Why do businesses make cybersecurity a priority only when they have been attacked? Is there enough resource allocation to handle business resilience? Do businesses even have a complete understanding of the latest security implications and their own vulnerabilities?
Most businesses understand that data is essential to improving operational performance and that data technologies provide opportunities for more-accurate risk assessment and control of safety-critical systems. Nonetheless, statistics show that the threat of unauthorized data access and cybercrime is growing—and systems or data hacking can directly affect a company’s ability to control its own safety systems. This is supported by recent reports, including the Ponemon Institute’s “Cost of Cyber Crime Study,” which reports that the number of breaches is up an average 27.4% year on year and 86% of companies around the world reported that they had experienced at least one cyber incident in 2017.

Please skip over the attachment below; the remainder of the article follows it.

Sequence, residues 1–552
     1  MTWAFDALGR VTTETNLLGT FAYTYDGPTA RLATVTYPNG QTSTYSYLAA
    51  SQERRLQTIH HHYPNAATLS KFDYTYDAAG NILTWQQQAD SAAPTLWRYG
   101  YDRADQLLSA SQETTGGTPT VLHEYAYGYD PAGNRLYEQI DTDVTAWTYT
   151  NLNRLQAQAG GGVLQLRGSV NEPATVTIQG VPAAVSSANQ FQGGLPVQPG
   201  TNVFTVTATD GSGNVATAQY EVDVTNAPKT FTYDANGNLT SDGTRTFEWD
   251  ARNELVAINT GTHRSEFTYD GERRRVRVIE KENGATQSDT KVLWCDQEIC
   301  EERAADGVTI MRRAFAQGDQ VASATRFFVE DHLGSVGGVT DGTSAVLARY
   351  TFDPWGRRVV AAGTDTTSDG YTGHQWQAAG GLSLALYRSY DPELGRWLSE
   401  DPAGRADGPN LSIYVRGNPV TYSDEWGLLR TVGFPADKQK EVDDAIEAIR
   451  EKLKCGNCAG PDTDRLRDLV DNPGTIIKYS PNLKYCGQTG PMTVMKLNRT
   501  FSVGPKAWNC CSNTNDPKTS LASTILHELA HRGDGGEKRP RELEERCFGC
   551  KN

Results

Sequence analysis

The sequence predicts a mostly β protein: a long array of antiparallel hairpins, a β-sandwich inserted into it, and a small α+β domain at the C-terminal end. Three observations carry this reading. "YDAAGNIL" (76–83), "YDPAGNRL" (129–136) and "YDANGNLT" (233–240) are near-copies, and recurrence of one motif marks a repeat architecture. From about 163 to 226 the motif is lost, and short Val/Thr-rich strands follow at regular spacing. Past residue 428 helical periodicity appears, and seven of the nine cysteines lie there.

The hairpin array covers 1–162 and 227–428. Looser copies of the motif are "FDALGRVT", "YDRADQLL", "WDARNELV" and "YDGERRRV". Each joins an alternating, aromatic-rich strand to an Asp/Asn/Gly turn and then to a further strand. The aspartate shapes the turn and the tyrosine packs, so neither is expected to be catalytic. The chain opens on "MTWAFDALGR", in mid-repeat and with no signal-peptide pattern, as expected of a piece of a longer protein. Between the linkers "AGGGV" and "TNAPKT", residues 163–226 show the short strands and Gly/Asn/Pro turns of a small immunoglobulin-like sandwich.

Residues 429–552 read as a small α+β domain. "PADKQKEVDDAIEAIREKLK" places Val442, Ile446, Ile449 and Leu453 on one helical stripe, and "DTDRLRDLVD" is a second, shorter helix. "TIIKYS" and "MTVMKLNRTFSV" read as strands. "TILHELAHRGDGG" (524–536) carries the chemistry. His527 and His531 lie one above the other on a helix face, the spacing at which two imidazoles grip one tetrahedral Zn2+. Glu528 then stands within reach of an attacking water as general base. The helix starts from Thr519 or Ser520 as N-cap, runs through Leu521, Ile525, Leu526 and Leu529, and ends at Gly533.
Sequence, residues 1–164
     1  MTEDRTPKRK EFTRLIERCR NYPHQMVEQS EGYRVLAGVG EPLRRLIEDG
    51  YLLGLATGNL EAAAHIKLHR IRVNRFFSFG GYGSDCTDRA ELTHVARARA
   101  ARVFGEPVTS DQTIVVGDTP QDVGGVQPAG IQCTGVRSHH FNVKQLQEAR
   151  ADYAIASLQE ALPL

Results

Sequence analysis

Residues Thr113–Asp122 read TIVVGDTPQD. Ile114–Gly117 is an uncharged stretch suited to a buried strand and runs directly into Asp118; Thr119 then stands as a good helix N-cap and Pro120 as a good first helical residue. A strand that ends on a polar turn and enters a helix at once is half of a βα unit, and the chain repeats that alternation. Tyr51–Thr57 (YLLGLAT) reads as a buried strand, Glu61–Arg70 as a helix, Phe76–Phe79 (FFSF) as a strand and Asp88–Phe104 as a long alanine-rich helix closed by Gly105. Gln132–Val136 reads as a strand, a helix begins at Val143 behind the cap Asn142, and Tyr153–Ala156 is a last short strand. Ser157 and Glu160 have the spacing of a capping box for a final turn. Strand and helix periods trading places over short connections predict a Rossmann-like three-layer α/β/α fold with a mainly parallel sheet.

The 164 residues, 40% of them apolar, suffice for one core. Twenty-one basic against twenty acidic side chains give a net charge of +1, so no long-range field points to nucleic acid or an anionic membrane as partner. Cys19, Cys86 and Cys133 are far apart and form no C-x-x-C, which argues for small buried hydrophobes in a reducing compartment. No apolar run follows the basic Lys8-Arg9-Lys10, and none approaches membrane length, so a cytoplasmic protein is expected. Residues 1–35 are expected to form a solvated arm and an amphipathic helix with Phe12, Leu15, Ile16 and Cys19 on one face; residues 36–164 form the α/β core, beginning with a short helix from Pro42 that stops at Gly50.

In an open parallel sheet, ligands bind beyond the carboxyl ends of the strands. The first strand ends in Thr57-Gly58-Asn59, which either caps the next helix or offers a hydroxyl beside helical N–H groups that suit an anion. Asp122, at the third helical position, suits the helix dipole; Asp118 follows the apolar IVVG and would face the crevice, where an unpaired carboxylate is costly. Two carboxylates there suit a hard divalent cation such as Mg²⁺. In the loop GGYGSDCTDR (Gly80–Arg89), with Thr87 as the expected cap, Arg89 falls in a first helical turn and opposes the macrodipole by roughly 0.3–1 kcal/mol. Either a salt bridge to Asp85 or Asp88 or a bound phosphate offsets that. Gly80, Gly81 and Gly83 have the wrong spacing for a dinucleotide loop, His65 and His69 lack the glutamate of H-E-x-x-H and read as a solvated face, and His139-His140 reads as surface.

Don Crouch is driving efforts to equip the energy industry with mitigation measures to defend itself. He plays a pivotal role in Lloyd’s Register’s (LR’s) energy business in technical governance and support for cybersecurity. LR recently acquired Nettitude—a provider of cybersecurity services. Crouch said, “Operational and technology security is a key concern for our clients across all industries, as we see increasing dependencies on technology and challenges created by Industry 4.0.